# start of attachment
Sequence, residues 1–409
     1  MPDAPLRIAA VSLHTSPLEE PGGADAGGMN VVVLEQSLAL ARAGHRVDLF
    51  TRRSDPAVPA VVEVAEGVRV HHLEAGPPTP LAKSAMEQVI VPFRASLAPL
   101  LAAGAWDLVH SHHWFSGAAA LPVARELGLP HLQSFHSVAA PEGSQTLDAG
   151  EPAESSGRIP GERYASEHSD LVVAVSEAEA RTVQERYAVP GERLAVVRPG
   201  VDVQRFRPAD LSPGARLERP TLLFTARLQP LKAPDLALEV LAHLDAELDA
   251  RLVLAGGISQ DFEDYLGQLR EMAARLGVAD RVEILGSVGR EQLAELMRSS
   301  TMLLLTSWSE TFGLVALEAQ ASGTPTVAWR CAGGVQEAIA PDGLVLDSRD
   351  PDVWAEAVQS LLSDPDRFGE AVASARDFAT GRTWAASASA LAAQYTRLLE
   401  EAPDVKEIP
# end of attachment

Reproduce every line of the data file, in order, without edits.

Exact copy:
Sequence, residues 1–409
     1  MPDAPLRIAA VSLHTSPLEE PGGADAGGMN VVVLEQSLAL ARAGHRVDLF
    51  TRRSDPAVPA VVEVAEGVRV HHLEAGPPTP LAKSAMEQVI VPFRASLAPL
   101  LAAGAWDLVH SHHWFSGAAA LPVARELGLP HLQSFHSVAA PEGSQTLDAG
   151  EPAESSGRIP GERYASEHSD LVVAVSEAEA RTVQERYAVP GERLAVVRPG
   201  VDVQRFRPAD LSPGARLERP TLLFTARLQP LKAPDLALEV LAHLDAELDA
   251  RLVLAGGISQ DFEDYLGQLR EMAARLGVAD RVEILGSVGR EQLAELMRSS
   301  TMLLLTSWSE TFGLVALEAQ ASGTPTVAWR CAGGVQEAIA PDGLVLDSRD
   351  PDVWAEAVQS LLSDPDRFGE AVASARDFAT GRTWAASASA LAAQYTRLLE
   401  EAPDVKEIP